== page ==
The Vintage Surfboard Collector Club Holds 26th Annual Board Swap
By Lillian Boyd
“The Big One” – as it’s been dubbed by the Vintage Surfboard Collector Club – is coming to Doheny State Beach in Dana Point for its 26th year. An event that’s been described as the largest vintage surfboard swap will feature dozens of surfboards on display – each with a story to tell.
The Vintage Surfboard Collector Club is a group that consists of a large range of collectors across Southern California, with a mission to provide a platform for displaying, appreciating, sharing, trading, and celebrating vintage surfboards. As stated on the club’s official site, group members work to honor the surfboard shaping and surfing pioneers who’ve helped create Vintage Surfing Cultures across the world.
The surf swap will offer barbecue on site, as well as a raffling of three boards to anyone who joins or renews a membership to the collector club. The boards were specifically selected by the clubs board of directors.
“This is our biggest event of the year. We really encourage our members to come out and for the community to check out our club. This is typically when we receive our membership signups for the following year,” said Jeff Robertson, VSCC President.
Erwin Spitz, a VSCC member and Surfing Heritage and Culture Center docent, says he began surfing in 1962 and started collecting boards in the ’70s.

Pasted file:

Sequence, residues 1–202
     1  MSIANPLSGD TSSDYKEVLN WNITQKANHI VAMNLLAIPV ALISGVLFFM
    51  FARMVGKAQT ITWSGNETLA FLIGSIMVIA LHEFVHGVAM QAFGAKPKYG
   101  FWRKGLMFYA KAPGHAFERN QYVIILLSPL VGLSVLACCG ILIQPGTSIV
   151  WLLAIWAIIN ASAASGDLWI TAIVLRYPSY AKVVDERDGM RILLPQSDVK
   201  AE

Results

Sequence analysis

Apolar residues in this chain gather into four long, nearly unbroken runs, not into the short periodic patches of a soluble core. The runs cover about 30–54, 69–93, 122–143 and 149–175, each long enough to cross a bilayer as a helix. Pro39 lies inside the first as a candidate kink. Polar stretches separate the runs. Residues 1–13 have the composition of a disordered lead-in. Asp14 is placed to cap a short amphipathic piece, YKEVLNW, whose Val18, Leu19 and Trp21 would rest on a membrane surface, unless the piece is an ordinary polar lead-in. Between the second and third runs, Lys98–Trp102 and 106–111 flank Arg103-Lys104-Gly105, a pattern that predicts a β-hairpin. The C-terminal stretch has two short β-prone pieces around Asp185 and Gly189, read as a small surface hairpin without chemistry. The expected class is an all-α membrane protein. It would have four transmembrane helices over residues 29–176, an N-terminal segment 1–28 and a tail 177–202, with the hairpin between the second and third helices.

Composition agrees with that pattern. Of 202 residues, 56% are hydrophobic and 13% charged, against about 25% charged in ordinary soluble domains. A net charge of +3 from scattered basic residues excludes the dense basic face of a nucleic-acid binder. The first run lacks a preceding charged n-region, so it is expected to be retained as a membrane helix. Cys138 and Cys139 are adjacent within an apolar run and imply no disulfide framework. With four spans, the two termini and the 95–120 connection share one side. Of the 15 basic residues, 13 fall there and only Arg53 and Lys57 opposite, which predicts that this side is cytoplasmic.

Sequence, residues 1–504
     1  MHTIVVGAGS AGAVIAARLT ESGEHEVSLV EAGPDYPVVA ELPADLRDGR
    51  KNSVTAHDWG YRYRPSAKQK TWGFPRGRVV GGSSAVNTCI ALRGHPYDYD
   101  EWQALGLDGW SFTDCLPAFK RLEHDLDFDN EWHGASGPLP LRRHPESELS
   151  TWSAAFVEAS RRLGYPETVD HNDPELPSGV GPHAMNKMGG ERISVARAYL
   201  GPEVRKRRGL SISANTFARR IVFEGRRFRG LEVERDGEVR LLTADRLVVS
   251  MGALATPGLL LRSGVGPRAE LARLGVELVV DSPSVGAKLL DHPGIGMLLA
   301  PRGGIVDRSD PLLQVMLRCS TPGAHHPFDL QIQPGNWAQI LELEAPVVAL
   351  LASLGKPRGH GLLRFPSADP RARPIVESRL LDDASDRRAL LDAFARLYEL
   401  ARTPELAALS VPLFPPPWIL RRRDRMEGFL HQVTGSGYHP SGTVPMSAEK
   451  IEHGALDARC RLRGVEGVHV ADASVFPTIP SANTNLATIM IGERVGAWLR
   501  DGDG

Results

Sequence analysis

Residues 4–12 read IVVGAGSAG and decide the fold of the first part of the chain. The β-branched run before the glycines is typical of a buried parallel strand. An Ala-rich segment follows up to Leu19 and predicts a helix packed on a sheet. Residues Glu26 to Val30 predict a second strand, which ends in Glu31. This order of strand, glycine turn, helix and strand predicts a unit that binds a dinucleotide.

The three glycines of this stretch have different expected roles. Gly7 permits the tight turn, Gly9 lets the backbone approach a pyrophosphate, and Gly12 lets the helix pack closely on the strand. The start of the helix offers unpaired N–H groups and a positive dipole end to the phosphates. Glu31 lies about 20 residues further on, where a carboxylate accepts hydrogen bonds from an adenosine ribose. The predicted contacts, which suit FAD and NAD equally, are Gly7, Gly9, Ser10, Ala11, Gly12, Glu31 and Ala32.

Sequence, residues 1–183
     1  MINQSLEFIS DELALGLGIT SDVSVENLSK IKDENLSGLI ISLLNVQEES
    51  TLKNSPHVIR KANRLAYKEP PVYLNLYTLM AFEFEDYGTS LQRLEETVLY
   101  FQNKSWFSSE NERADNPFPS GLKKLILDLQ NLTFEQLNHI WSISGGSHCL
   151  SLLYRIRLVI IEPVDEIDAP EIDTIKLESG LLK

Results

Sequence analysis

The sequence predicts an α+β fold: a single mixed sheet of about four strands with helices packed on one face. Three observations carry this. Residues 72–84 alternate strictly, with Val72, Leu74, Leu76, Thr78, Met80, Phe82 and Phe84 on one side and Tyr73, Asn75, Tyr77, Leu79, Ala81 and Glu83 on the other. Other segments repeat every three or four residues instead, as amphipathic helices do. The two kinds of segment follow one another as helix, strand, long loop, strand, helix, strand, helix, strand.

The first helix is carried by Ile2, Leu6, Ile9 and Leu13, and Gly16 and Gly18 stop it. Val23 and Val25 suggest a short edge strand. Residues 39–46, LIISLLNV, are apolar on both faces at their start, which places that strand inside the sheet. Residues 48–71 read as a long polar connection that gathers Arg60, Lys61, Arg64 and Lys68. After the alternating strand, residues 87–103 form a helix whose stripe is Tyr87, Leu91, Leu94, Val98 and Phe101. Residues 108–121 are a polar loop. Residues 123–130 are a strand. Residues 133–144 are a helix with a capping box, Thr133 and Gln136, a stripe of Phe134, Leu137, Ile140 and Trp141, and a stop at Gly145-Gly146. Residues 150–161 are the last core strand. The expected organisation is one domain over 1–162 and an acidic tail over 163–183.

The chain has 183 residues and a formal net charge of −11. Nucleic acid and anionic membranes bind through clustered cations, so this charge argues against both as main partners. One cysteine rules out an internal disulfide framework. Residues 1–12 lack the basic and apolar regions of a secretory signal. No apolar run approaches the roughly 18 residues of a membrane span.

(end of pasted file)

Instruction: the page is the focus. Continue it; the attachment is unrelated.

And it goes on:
“It all started when I was using a surfboard as a coffee table. Friends would see that and ask me if I collected boards. I’d tell them, ‘Sure!’ ” Spitz said. “Opportunities to collect boards started to present themselves.”
Spitz’s collection includes at least 17 boards, some with colorful ‘70s-style designs, one solid redwood board believed to have been made in the 1920s, and his favorite: a board with an American flag design.
“I’m a (United States) Army veteran and I was drafted in the Vietnam War,” Spitz said. “This board is special to me because I’m a patriot; I fought for this country.”
Spitz was deployed during the Tet Offensive – a series of uprisings led by the Vietcong and Northern Vietnamese forces and one of the largest military campaigns in the Vietnam War. His patriotic-themed surfboard came into his possession through Jeff Eilers, a friend, Laguna Hills neighbor and fellow club member.
Eilers takes his collecting hobby to a new level: finding old boards, taking them apart and reconstructing them. His latest project is reshaping a 12-foot, single-fin board that formerly belonged to King Curtis Iaukea, a 300-pound Hawaiian WWF wrestler; it was a task that required grinding down the rail and peeling off the fiberglass.
Robertson says boards like that that can offer insight into the history of surf culture.
“There wasn’t internet back then, so in order to learn about the history of surf, you have to talk to these prominent figures in surf culture. The VSCC, in a way, is a gateway to learning that history,” Robertson said. “I think a vintage surfboard can take you to a different time and place. It’s an artifact that takes you to another place in history. That’s one of the most special things about being involved in this club and the surf community; you’re paying respect and acknowledging moments in our history that have led up to today.”
“The Big One” Vintage Surfboard Swap event will be held from 7 a.m.-2 p.m. at Doheny State Beach. For more information, visit www.vintagesurfboardcollectorclub.net.